> 1588. The bottom line is that NTP is best used to synchronizes computer
> system clocks, while 1588 is best used to synchronize hardware interface
> clocks and other data acquisition or telecom devices on a LAN. To
> sustain the best accuracy, special Ethernet switches called boundary
> clocks are necessary, so 1588 would not normally be expected to transit
> a level-3 router, although in priciple it could.
>
> The comments about 1588 V1 and V2 are interesting. All the devices I
> know about from Symmetricom, Meinberg and 1588 Ethernet interfaces are
> V1 (1588-2002). The Intel chipsets should be able to do both. The
> Symmetricom 1588 grandmaster costs several thousand bucks and doesn't
> even do NTP. The Meinberg grandmaster does 1588 and NTP and in fact does
> everything the public NTPv4 distribution does, including Autokey.
>
> There are a few straightforward issues that might have been overlooked.
> The computer system clock is typically interpolated by the PCC/TSC with
> resolution 1 ns, but reading it via syscall typically burns 500 ns in
> modern silicon. The resolution of a 1588 timestamp is 1 ns, while the
> resolution of an NTP timestamp is 0.232 ns, although the difference is
> not significant. It is reasonable that the ioctl time to fetch a
> timestamp from a 1588 interface would be comparable to the time to read
> the system clock, 500 ns.
>
> The TCXO rock in a 1588 interface is not likely to operate at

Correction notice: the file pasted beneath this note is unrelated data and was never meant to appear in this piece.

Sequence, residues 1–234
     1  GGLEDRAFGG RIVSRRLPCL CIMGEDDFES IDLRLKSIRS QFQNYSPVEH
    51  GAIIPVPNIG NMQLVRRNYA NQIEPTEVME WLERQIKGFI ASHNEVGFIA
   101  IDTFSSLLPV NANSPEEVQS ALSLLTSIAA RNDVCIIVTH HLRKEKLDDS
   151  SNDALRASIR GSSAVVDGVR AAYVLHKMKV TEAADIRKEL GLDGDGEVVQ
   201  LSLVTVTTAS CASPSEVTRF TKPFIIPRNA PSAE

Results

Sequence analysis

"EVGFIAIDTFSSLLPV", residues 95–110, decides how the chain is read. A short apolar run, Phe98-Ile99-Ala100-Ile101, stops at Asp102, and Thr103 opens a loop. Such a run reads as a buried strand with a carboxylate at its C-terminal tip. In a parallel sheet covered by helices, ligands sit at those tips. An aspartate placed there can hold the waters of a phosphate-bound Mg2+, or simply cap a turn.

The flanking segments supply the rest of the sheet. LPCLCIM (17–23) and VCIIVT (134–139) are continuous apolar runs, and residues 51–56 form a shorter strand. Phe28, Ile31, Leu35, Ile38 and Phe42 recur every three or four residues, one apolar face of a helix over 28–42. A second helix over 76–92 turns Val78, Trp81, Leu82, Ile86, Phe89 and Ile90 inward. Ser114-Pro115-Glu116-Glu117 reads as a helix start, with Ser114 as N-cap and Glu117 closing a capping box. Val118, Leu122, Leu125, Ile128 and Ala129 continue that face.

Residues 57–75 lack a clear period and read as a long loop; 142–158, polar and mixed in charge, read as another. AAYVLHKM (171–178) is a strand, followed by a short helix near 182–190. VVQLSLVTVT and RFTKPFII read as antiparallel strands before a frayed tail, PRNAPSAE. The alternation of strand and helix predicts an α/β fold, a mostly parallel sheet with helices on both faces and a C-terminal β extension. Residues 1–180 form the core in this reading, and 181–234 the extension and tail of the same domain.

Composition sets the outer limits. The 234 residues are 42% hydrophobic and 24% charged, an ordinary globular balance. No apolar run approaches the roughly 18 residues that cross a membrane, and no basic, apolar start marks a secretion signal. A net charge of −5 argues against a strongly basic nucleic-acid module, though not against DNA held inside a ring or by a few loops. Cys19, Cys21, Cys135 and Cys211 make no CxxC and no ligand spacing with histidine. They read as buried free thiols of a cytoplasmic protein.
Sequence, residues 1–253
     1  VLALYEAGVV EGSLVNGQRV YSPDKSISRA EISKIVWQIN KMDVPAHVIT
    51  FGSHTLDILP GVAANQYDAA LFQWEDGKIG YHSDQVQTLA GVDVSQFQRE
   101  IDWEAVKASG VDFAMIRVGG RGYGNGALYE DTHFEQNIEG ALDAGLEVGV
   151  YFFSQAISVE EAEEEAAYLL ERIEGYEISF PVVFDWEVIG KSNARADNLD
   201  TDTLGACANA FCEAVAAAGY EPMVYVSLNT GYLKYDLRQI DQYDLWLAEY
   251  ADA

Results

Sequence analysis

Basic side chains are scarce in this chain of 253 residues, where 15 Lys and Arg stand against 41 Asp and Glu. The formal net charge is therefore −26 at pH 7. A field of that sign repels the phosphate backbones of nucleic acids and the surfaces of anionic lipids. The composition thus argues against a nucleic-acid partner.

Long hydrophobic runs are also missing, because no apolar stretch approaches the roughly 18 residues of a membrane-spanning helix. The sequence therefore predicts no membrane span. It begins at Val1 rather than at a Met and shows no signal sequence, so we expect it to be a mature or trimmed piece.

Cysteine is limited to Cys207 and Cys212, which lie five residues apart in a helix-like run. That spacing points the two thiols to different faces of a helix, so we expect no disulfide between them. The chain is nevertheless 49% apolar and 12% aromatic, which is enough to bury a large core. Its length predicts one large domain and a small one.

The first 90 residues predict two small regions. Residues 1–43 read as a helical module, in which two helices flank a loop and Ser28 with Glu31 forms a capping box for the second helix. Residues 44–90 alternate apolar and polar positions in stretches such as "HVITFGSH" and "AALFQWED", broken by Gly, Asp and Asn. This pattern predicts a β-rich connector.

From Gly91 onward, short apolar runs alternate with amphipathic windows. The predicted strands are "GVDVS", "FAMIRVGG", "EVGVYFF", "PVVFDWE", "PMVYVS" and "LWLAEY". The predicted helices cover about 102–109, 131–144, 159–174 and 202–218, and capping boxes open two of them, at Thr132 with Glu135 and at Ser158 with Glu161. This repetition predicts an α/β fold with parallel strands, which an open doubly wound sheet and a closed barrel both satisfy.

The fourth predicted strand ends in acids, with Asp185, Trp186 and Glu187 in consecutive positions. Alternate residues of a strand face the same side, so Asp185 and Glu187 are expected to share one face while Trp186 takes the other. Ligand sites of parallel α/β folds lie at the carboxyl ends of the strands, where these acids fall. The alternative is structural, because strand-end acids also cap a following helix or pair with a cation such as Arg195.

> frequencies much above 20 MHz, although a cold rock might be higher. In
> other words, the 1588 resolution as a practical matter will be in the 50
> ns range. The NSI Etherface and Symmetricom grandmaster claim resolution
> of 50 ns.
>
> What the above suggests is that 1588 will likely find the most important
> application to synchronize LAN hardware interface clocks to a
> grandmaster to the order of 50 ns. Real-time devices can provide signals
> that latch the interface clock which is later read by the program. This
> has nothing to do with the computer system clock.
>
> However, it is interesting to speculate on how 1588 and NTP could
> interoperate or support each other. In one approach 1588 can be used
> within a LAN with time exported beyond the level-3 router by NTP. In
> another, 1588 interfaces can be used to derive precision timestamps for
> use by NTP. A project on my shelf is to modify the driver for my 1588
> Etherface for use as a reference clock driver.
>
> In answer to a previous question, 1588 V2 has the same limitations as
> NTP; both use four timestamps to compute offset and delay and assume the
> one-way delays are very nearly the same. There is a proposal for
> security extensions to 1588, although it does not address the issue of
> possibly degraded accuracy. Since 1588 uses hardware derived timestamps
> and is not expected to face seriously hostile attacks as assumed in NTP,
> this might not matter. As a very simple security provision, 1588 could